A US senator is attempting to have the “First Amendment of the internet” replaced with legislation removing legal immunities for websites hosting externally-produced content, such as porn sites hosting user-uploaded videos.
A proposed bill, known as the 21st Century FREE Speech Act, would also make restriction of vaguely-defined “inappropriate” material online easier via internet blocking technology.
Also known as Section 232, the proposed legislation would replace Section 230 internet legislation, which provides legal immunity for websites from issues related to third-party content they host. Passed in 1996, Section 230 is known as the “First Amendment” of the internet and is part of the Communications Decency Act.
Section 232 was proposed on April 27 by Republican Senator for Tennessee Bill Hagerty. Even if it does not get passed, its proposal will likely add further pressure on the US porn industry, at a time when the political and legal focus on porn site liabilities and performer protections is sharpening.
Other recently-proposed US law changes, such as the Stop Internet Sexual Exploitation Act (SISEA) and SAFE TECH Act bills, would force porn sites to shore up moderation and verification processes. They are mainly designed to crack down on illegal content such as explicit material derived from sex trafficking or featuring children.
Critics say these tougher legal measures could punish legitimate sex workers using sites for income, as well as websites that would struggle to fund larger content moderation teams and processes. It is unclear how rigidly they would apply to general social media sites, compared to dedicated porn sites such as MindGeek behemoths Pornhub, RedTube and YouPorn.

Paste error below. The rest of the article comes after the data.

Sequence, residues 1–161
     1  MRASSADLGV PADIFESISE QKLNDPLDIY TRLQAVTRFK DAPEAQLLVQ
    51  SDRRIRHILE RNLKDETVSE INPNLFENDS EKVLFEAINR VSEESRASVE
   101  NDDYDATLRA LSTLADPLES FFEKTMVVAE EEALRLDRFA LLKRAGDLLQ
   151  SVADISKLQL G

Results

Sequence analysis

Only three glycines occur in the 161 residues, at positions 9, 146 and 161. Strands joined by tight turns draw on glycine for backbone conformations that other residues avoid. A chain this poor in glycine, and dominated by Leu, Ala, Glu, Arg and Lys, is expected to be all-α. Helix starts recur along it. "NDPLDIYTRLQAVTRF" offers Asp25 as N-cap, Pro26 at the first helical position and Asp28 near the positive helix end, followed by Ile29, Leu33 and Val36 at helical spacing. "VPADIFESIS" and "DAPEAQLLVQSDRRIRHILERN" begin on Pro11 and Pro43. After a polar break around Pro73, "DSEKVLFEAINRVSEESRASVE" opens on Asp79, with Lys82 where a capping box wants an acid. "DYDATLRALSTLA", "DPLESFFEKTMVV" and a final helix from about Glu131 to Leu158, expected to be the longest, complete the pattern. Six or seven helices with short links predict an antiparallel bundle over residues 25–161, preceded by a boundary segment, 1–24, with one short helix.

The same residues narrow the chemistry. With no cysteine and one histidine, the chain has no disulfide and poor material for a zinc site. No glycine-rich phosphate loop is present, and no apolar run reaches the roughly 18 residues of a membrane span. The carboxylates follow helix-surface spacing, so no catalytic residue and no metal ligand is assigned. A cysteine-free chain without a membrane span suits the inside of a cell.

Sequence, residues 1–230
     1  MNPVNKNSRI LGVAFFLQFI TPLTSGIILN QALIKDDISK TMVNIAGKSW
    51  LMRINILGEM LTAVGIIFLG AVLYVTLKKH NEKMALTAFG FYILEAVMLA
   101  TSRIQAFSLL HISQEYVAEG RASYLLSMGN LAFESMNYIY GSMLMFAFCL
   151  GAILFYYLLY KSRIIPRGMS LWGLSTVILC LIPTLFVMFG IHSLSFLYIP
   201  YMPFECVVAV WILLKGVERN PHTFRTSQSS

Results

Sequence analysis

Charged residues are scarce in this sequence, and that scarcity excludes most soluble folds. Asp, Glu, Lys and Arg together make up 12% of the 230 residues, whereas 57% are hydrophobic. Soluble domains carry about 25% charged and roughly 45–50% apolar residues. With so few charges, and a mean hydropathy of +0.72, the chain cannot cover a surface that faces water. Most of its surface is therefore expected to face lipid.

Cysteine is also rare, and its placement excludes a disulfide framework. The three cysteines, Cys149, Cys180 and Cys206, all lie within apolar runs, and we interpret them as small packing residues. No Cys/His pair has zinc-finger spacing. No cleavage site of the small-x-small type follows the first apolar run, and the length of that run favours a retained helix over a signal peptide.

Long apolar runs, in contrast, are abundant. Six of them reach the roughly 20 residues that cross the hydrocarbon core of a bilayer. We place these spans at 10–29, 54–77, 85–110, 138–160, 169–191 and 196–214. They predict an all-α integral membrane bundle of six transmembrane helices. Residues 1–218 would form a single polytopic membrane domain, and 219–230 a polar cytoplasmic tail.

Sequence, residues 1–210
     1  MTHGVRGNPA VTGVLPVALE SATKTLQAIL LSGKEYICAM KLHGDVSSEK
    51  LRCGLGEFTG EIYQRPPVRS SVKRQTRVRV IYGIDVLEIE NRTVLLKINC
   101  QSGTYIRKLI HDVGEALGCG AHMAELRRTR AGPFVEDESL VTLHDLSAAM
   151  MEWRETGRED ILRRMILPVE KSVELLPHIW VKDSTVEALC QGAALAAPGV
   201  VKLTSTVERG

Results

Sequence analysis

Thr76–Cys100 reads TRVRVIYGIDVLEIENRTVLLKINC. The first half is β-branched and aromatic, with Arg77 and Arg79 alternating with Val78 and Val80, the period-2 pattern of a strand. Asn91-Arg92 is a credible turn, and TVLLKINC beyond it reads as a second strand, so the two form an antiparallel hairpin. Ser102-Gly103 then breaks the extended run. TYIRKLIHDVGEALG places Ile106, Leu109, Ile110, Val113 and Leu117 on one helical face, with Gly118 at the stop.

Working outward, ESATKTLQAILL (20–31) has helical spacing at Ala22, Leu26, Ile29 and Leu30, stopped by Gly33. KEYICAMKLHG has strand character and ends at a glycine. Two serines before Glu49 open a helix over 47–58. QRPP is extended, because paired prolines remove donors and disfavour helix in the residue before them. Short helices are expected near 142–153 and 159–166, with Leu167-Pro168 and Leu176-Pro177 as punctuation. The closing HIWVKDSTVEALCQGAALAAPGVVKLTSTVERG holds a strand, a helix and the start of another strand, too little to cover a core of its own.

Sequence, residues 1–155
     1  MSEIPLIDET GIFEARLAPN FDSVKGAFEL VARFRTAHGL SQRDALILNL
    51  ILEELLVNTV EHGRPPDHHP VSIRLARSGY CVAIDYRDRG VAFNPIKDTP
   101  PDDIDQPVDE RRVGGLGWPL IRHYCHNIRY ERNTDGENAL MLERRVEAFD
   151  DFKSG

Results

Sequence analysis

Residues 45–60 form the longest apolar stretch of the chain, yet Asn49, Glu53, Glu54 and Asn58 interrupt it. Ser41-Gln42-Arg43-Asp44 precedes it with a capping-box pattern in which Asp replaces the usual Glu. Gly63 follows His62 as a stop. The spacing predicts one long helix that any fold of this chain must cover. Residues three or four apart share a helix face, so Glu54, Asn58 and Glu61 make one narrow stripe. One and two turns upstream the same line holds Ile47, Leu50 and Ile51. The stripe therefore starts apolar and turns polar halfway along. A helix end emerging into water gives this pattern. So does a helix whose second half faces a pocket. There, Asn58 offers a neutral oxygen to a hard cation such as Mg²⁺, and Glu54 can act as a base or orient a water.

If passed, Section 232 would likely cause similar concerns among swathes of the US porn industry. The legislation would put the onus of what the bill calls “control and censorship” on “interactive computer services” rather than users and other authorities. The latter phrase is thought to include websites and social media platforms.
According to the bill, this would be a move away from encouraging “the development of technologies which maximize user control over what information is received by individuals, families and schools who use the internet and other interactive computer services.”
With sites legally responsible for the external content they host, they would be compelled to be more stringent when moderating uploads, to keep illegal content off their platforms.
Some sites have already reacted to the recent uptick in media, political and commercial focus on online porn. Pornhub recently removed hundreds of thousands of videos from its platform and is revamping its moderation and uploading processes.
The proposal of Section 232 also raised concerns that it would make the censoring of adult content more widespread. The bill states that the new legislation would aid “the development and utilization of blocking and filtering technologies that empower parents to restrict their children’s access to objectionable or inappropriate online material.”
Although scrapping Section 230 would have huge implications for porn, Senator Hagerty suggested that his main inspiration for the proposal was free speech. He said that his legislation would treat big tech social media companies like “common carrier” services such as telephone providers, that do not censor communication.
Writing in the Wall Street Journal, he attacked social media companies for removing pro-conservative content. He did not specifically mention Twitter removing former US President Donald Trump’s account on the site in January, but wrote of the silencing of “mainstream American political figures”.
“Our laws haven’t kept pace with this technological reality,” he said. “The statutes governing free speech and the free exchange of ideas online haven’t been updated in a quarter-century.
“Since it was passed in 1996, Section 230 has been stretched from its original intent – the promotion of the free exchange of ideas online – into a license for companies like Facebook and Twitter to censor.”